[posted by Callimachus]
People love to talk about Bush. Love it like a babe, love it like it was all that mattered on earth. Being able to talk disgustedly, mockingly about Bush is the only bona fide that will pass muster with half of America and nine-tenths of the world. Otherwise, you're a "fascist." Global warming? All Bush's fault! He single-handedly started the industrial revolution, you see. Alternate answer: Nothing contributed to climate change that didn't happen in America AND after January 2001.
Pretty good work, wouldn't you say, for a "failed businessman?" That was one of the few things I knew about him in 2000. I wasn't studying him closely then. I had seen enough to know I thought he'd be a terrible president, and I had no inclination to cast a vote for him, even though I was a registered Republican.
Not that "failed businessman" was one of those reasons. American history features a long list of private-life mediocrities and failures who became wonderful presidents and statesmen. Ditto men who don't read a lot of books. Of course, failing with your own money and failing with other people's are two different things.
Now I know more about him. Now I think I see what kind of failed businessman he is. He's the kind of boss you'd love to have -- if you don't really care about your job. He's loyal to his people, not matter how bad they screw up.
He reminds me of Ernie, the amiable rotund Peruvian immigrant who managed the books-and-electronics department of an Abraham & Strauss store where I took a job in the early 1980s. It was all about the workday. You came in, you were cheerful, you tried to not screw up, but if you did, oh well, we'll fix it somehow. Tomorrow's another workday. It was great if you were only in it for the dope money, not a career, and you knew you were moving on eventually to something better. Abraham & Strauss is long gone.
There were, and are, many aspects of my dislike of George W. Bush as a president. In retrospect, the ones I weighted most in deciding whom to vote for in 2000 turned out to be the least important. His scary social conservative qualities turn out to not amount to a hill of beans, and were about as authentic as Reagan's -- thank God. Who would have thought his biggest positive legacy so far would be "spent more money on AIDS in Africa than Clinton did"?
But those qualities, if taken sincerely into the brain, might have served him better. So many social conservatives shuddered to their core when they saw what had happened at Abu Ghraib. They did it quietly, as is their way in such matters, and they didn't pour out of their homes to pick up the picket signs and slogans that International A.N.S.W.E.R. was ready to hand them, as some fools did. But they felt it, and they felt it as a betrayal of something essential. Would that Bush had felt that, too, when he had the chance to prevent it.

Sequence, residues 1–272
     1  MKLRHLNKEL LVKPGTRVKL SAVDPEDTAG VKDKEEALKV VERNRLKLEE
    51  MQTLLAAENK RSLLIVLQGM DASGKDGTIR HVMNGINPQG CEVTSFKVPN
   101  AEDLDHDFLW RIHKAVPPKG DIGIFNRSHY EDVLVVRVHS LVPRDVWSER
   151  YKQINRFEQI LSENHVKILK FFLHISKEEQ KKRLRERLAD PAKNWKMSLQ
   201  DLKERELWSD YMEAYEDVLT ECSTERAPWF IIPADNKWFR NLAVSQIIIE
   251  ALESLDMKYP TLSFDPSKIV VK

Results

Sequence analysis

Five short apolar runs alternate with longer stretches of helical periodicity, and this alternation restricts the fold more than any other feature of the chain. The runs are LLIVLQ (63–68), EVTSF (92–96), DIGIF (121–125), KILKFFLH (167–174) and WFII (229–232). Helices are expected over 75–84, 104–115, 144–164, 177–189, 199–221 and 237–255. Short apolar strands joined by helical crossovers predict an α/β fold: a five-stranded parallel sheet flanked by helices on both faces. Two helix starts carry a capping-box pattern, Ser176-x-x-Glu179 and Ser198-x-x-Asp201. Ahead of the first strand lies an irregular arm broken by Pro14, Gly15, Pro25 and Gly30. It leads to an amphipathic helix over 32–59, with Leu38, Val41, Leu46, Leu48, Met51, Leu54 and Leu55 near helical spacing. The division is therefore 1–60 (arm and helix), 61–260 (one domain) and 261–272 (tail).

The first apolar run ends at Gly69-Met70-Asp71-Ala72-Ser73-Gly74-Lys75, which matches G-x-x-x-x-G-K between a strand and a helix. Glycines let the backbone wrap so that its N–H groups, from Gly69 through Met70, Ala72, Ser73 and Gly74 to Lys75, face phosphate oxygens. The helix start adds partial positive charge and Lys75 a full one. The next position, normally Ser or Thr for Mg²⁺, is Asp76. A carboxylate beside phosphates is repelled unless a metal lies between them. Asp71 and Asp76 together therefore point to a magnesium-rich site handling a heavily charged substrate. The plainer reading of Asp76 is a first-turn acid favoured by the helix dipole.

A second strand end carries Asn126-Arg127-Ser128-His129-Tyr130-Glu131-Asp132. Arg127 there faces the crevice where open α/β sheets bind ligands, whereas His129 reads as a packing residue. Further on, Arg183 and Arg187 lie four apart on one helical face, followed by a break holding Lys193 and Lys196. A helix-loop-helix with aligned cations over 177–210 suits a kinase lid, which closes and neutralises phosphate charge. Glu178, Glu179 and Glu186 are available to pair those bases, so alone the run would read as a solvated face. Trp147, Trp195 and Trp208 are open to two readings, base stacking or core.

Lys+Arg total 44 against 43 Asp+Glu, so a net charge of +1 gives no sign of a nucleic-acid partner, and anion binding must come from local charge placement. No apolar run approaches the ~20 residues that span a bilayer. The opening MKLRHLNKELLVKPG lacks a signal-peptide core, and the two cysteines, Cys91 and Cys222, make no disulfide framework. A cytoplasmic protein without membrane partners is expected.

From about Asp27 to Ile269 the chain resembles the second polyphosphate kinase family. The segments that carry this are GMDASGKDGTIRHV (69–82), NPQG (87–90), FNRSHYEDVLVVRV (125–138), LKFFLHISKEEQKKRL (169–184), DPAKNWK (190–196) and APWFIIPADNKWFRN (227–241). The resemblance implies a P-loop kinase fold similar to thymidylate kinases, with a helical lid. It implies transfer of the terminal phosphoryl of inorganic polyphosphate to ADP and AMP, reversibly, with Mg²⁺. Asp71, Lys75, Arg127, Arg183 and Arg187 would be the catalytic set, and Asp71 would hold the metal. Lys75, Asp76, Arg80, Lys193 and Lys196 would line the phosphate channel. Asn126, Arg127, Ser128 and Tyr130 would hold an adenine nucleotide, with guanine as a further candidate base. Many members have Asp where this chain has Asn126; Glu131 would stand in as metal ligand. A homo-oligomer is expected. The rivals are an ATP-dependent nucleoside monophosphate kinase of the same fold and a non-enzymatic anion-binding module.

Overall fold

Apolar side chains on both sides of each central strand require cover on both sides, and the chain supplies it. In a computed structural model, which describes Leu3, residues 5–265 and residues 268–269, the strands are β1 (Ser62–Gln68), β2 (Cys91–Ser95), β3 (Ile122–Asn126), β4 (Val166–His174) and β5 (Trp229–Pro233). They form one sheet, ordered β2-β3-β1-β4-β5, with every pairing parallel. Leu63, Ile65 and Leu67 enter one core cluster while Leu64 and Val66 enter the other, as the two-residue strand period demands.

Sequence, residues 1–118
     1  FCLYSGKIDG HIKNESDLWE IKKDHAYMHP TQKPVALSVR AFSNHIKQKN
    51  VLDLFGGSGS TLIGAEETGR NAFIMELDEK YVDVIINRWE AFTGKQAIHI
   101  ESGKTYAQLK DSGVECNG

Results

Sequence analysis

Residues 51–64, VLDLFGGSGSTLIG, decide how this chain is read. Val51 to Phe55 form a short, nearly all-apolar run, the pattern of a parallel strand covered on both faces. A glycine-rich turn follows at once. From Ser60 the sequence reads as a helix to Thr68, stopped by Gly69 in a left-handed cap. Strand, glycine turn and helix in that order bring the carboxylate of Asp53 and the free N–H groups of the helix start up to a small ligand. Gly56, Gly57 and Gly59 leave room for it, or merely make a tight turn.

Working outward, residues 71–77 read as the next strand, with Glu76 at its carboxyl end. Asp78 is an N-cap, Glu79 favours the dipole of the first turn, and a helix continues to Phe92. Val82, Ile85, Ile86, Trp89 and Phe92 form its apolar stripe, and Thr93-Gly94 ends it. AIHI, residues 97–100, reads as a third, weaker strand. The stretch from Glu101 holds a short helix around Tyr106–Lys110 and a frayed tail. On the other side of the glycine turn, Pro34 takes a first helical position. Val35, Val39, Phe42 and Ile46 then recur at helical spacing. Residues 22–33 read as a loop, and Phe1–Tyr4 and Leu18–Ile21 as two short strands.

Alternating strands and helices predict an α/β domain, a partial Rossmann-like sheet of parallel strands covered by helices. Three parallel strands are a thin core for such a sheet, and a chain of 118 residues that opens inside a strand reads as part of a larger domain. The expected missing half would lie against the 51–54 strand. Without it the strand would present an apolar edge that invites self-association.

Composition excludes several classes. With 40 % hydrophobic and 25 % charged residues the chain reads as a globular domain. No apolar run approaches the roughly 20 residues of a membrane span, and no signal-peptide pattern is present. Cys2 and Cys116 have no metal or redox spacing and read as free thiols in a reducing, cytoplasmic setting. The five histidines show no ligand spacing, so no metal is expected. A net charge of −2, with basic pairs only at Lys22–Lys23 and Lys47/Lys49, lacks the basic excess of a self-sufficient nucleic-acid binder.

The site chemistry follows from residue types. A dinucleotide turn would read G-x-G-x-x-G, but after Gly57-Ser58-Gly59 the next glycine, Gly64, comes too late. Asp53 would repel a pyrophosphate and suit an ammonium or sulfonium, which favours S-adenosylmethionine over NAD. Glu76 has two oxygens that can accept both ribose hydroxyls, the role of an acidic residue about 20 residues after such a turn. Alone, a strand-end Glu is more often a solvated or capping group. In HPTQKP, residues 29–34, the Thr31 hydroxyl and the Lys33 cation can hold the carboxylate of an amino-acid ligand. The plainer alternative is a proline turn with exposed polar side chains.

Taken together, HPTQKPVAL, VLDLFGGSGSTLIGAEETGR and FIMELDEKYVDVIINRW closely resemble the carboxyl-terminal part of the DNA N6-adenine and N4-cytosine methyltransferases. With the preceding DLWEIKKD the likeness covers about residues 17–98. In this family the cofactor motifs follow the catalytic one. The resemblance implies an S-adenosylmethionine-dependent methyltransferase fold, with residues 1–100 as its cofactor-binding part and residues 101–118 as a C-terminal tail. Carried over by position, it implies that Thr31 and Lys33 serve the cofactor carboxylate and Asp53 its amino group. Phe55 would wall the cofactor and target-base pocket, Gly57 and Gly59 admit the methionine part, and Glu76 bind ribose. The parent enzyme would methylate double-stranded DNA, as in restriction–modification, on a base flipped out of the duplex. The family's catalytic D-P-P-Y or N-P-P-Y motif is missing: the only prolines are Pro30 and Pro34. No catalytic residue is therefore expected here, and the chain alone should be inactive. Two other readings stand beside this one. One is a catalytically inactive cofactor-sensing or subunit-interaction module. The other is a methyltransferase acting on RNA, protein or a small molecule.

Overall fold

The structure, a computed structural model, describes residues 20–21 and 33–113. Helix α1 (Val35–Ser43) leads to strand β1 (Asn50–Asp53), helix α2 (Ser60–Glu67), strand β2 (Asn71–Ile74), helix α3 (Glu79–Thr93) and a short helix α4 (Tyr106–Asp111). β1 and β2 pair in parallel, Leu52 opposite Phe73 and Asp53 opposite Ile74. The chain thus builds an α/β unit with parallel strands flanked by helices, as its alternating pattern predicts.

In retrospect, I should have paid less attention to how he prayed and more attention to his business history. And in retrospect, Bush wasn't too much of a Christian patriot: He wasn't enough of one.
What else did I know about him then? The Bushes were ruthess campaigners. They won, and they won dirty, and they surrounded themselves with the sort of characters -- Roger Ailes, Lee Atwater, Karl Rove -- who fight ruthless, scorched-earth wars against their opponents and bring them down hard.
I hated that quality in American politics, and it might have been the biggest reason I rejected Bush as a candidate. But in part that helped turn me around on the notion of toppling Saddam in 2002. I knew Bush was going to war for a different mix of reasons than I would use to justify it. But it seemed if there was one thing he knew how to do it was win, at all costs, with the help of an intense and creative team of generals. Paradoxically, one of the reasons I didn't want him as president in 2000 became one of the reasons I assented to his leading the country into a risky war.
Perhaps I should have paid more attention to Bush the First, and 1992. How, in spite of the aggressive team, he seemed to just lack the will to win. His fire was gone and he waged a desultory campaign, whose few sparks were nasty but feeble ones.
Yet there it was, in early 2003: The chance I had been waiting all my adult life for: To see America use its power and good will to clear a path for millions of people who had done nothing to earn the suffering that had been visited on them as a side-effect of the Cold War. To give them a chance to take hold of part of our lucky legacy of wealth of freedom. I had watched the grimy experience of Carter and Reagan's late Cold War policies around the world, seen and read the results of Kissingerite realism. I had traveled behind the Iron Curtain and had no illusions about our enemies. Yet I never resigned myself to a lifetime of simply backing our bastards, with guns and money and from a safe distance, just because I knew theirs were worse.
We ought to be better than that, or give up the notion and name of "America" and just settle for being Belgium or something. I don't think I'll see the chance again in my life. How that came about and how I feel about it is a matter between me and a great many people -- including Bush. How much I choose to say about it in public is my choice; it's not a sign of how I think you ought to live, it's how I choose to live.
But turn my back on all I've stood for, since I first followed the fall of Saigon in the "Inquirer" at age 13? Since I heard Desmond Tutu, then little known outside South Africa, speak at a college graduation? Since I saw the crosses at the Berlin Wall and drank with Kurdish refugees hiding out and waiting for black market passports? Just because some fool president also embodies the other great American virtue of mental laziness and screwing up a lot?
Labels: George W. Bush, personal, political language